“In Illinois, awards of maintenance have become increasingly and disturbingly inconsistent,” ISBA Director of Legislative Affairs Jim Covington wrote in a letter to Governor Quinn before the law was enacted. “Even when facts and circumstances are remarkably similar, maintenance awards vary widely and unpredictably – from case to case, from courtroom to courtroom, from circuit to circuit, from region to region.

“Thus, with the best of intentions, judges, lawyers, and clients are routinely forced to reinvent the wheel with each and every case, wasting valuable time and money of courts and clients,” Covington wrote. “Appellate cases often aren’t as helpful as they should be because only the knotty and contentious cases get appealed – hard cases make bad law.”

Covington noted that the law makes the following changes in addition to the formula:

  • Prevents a judge from ordering unallocated maintenance unless the parties agree to it;
  • Authorizes a judge to permanently bar maintenance for marriages of 10 years or fewer, something that is now only available when the parties agree or maintenance is paid in a lump sum;
  • Specifies that judges must subtract maintenance payments from the payor’s income for purposes of calculating child support.

The bill “doesn’t change the primary judicial responsibility – determining whether maintenance is appropriate” in the first place, Covington wrote. “If maintenance is appropriate, then guidelines can serve as a reference to assist judges and promote settling of cases.”

The law takes effect January 1, 2015.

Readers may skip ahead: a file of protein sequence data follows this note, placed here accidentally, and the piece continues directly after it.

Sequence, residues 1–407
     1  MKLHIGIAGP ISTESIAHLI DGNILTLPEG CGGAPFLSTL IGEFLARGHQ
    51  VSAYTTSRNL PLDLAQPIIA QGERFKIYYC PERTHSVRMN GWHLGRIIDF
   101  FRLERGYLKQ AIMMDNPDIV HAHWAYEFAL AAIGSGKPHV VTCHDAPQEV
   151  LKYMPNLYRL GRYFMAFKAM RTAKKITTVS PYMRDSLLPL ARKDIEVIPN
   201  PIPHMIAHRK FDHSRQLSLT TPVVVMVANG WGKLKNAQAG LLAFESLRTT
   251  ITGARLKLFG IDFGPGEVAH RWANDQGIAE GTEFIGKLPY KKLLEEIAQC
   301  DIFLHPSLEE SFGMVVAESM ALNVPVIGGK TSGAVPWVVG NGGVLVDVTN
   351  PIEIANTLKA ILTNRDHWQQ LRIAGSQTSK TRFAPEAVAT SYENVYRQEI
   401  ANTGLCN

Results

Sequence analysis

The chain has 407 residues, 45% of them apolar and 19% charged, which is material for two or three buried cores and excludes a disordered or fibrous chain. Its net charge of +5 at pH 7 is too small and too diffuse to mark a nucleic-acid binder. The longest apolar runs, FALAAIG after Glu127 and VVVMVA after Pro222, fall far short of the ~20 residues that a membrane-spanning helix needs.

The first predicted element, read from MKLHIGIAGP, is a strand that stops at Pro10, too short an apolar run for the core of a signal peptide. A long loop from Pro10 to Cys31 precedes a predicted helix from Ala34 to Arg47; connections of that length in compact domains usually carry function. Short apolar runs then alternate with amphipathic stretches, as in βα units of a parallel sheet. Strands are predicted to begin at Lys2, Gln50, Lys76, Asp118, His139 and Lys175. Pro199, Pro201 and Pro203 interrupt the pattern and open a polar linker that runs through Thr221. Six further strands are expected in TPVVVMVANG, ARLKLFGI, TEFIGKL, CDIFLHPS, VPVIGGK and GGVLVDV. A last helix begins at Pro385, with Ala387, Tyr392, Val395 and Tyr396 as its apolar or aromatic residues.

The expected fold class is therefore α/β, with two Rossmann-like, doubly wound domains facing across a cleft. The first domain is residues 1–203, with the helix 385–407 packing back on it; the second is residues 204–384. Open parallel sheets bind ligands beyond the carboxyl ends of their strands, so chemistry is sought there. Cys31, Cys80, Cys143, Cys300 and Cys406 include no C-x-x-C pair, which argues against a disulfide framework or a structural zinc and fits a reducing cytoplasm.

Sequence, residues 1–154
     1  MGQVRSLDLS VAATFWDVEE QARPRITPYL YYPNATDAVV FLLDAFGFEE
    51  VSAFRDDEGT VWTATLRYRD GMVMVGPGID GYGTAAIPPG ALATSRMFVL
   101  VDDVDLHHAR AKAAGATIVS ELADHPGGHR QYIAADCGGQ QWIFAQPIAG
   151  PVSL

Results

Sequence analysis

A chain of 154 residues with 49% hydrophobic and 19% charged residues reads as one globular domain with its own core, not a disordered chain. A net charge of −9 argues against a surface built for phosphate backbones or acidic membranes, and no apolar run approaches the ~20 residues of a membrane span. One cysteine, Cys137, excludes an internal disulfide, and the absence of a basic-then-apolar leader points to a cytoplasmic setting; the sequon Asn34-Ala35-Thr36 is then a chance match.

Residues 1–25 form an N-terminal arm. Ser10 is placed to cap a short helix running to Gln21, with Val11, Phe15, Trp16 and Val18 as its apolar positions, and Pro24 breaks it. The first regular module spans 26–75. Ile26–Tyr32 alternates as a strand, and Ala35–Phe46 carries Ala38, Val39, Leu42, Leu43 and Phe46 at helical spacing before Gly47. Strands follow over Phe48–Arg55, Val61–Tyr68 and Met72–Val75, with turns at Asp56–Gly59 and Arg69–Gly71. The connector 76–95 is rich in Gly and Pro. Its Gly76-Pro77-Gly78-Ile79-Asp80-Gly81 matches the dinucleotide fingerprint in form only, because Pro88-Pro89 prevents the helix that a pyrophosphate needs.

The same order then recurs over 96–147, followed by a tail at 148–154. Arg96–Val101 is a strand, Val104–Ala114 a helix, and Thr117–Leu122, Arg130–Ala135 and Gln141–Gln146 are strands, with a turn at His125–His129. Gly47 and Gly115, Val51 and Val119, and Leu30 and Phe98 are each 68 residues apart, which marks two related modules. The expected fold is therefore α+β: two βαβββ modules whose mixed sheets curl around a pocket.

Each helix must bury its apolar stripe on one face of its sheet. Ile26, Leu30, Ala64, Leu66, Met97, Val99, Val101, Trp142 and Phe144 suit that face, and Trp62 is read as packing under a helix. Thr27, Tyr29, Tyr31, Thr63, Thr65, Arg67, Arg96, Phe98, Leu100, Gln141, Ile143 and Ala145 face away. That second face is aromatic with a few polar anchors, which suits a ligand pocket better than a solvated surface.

Posted on August 18, 2014 by Mark S. Mathewson
Filed under: 

Member Comments (3)

Please note that this Columbus Day the Illinois Chapter will be discussing, inter alia, this legislation as presented by Rory Weiler and Bill Scott.

I also had written to the governor -- but urging as veto. It seems that Jim Covington had more pull than I.

In any event, for my take on these maintenance guidelines see:

Overall, the exceptions to these guidelines are a combined gross of $250k and a multiple family situation. The guidelines are mirrored after the support guidelines.

I suggest that it is a bit of an overstatement to indicate that the way around the guidelines is to first "determine whether maintenance is appropriate” in the first place. In most cases involving marriages of some significant length and an income disparity, maintenance is appropriate. Because the guidelines are modeled after the support guidelines, they serve a more than as "reference point" since they would require the court to, 1) "state its reasoning for awarding or not awarding maintenance and shall include references to each relevant factor set forth in subsection (a)" *** and 2) "(2) if the court deviates from otherwise applicable guidelines *** it shall state in its findings the amount of maintenance (if determinable) or duration that would have been required under the guidelines and the reasoning for any variance from the guidelines."